‘Hero’ dies saving two others from river near Madison
MADISON, N.C. — A 20-year-old man who died Thursday after jumping into the Dan River to save two swimmers who were washed over a dam is being remembered as a hero by those who knew him.
Steven Sizemore, of Sandy Ridge, was swimming with a group of 6-8 people in the Dan River near Lindsay Bridge Road near Madison around 8 p.m.
Two people from the group — an 18-year-old and her 20-year-old boyfriend — were washed 40 feet over the dam after struggling to battle its current.
Sizemore jumped in the river attempted to push the struggling swimmers away from the hydraulics.
“They were caught in this and he went in and somehow was able to free them,” said Rusty Gray, chief of the Madison Rescue Squad.
All three were eventually washed 100 yards downstream. Sizemore helped the struggling swimmers to shore, but then himself went underwater.
“Who knows if the other two would have made it out without him. It very well could have been even more tragic,” Gray said.
When first responders arrived at the scene around 8 p.m., they attempted to perform CPR. Sizemore was then transported to an area hospital where he was pronounced dead.
Officials believe the 20-year-old’s injuries were primarily caused by hydraulics at the dam.
“Rescuers call this a killing machine and that’s what it does,” Gray said.
Sizemore’s sister said she wasn’t surprised to hear that her brother jumped into the river to help his two friends.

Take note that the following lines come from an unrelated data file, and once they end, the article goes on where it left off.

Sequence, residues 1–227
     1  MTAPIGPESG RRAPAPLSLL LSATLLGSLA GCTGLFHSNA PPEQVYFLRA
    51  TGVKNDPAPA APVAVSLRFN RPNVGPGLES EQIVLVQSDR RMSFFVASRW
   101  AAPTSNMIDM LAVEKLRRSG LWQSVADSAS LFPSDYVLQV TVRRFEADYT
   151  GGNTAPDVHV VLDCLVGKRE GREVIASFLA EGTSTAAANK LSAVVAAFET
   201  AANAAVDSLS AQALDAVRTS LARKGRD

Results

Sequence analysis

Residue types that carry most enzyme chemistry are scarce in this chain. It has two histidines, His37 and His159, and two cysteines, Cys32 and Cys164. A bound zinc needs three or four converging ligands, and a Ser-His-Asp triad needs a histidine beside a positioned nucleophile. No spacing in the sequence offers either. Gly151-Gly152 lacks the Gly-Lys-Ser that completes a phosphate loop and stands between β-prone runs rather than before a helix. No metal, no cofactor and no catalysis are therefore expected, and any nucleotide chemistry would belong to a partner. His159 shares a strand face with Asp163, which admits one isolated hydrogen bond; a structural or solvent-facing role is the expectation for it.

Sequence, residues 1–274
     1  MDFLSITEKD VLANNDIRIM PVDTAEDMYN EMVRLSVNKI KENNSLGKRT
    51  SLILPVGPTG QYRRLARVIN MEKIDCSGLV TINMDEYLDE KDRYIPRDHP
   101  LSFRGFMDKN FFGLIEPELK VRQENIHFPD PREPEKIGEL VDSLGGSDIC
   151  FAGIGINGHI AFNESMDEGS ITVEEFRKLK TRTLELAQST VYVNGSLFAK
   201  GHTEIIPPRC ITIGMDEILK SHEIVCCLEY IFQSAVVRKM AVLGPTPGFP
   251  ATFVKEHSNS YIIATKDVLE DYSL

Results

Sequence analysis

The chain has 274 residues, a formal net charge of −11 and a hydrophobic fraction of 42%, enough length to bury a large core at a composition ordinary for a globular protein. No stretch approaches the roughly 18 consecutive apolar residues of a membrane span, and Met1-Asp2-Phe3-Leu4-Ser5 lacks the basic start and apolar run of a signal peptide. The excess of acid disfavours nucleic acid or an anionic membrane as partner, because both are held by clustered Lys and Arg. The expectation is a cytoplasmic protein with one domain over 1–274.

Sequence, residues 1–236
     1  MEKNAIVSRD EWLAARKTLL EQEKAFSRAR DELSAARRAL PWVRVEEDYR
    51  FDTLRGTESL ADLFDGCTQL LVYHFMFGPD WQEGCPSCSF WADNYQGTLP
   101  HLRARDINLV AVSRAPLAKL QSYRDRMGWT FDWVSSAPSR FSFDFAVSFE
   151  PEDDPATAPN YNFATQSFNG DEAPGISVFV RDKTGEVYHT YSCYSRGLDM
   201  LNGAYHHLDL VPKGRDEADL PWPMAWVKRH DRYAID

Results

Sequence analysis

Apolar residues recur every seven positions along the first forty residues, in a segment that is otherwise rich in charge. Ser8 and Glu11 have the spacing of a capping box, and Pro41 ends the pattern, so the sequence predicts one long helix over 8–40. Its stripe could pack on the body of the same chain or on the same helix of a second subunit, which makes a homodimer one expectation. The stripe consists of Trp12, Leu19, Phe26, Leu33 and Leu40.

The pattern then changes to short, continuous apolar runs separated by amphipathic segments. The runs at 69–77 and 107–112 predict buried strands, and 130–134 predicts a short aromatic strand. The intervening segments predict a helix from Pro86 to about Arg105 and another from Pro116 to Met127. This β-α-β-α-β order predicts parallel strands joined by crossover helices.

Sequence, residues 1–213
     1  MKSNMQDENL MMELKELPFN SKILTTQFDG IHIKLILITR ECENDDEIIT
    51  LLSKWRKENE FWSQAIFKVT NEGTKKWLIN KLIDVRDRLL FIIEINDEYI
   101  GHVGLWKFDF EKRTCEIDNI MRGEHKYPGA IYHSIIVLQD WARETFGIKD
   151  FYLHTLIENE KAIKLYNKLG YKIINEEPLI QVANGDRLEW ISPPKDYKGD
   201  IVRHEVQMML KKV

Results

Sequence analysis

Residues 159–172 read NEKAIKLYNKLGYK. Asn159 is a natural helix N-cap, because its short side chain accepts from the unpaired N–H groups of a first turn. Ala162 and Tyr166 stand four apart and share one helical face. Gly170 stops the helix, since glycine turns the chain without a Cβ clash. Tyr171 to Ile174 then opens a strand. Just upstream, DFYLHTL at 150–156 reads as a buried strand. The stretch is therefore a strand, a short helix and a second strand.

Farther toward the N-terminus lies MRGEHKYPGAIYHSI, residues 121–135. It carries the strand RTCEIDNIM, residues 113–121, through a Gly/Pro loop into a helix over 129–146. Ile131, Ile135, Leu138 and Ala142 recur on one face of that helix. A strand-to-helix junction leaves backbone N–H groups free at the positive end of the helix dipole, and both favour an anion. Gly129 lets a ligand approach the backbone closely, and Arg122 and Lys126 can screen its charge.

“He’s the hero,” Nicole Sizemore said. “I was like ‘That’s my brother…’ That sounds like something he would do… He’s real kindhearted.”
Despite the tragedy, Nicole said she is proud of her brother in the fact that he died a hero.
“Just remember what he (did) and that he saved two people’s lives and gave his,” Nicole said.
The 18-year-old woman was taken to Morehead Hospital with minor injuries, while the 20-year-old declined treatment at the scene. Both are now recovering at home.
The three were part of a group made up of juveniles, teenagers and people in their early 20s. Gray said there was one supervising adult parent at the scene, but none of them were wearing life jackets.
Gray said the group thought the area near the dam looked “calm” and safe for swimming, but in reality the currents were strong underneath the water.
While signs are posted near the dam that read “no swimming or fishing,” Gray said people often misuse the area.
Gray said he’s seen at least six drownings in the area including Sizemore’s.
“It’s an ongoing problem,” Gray said.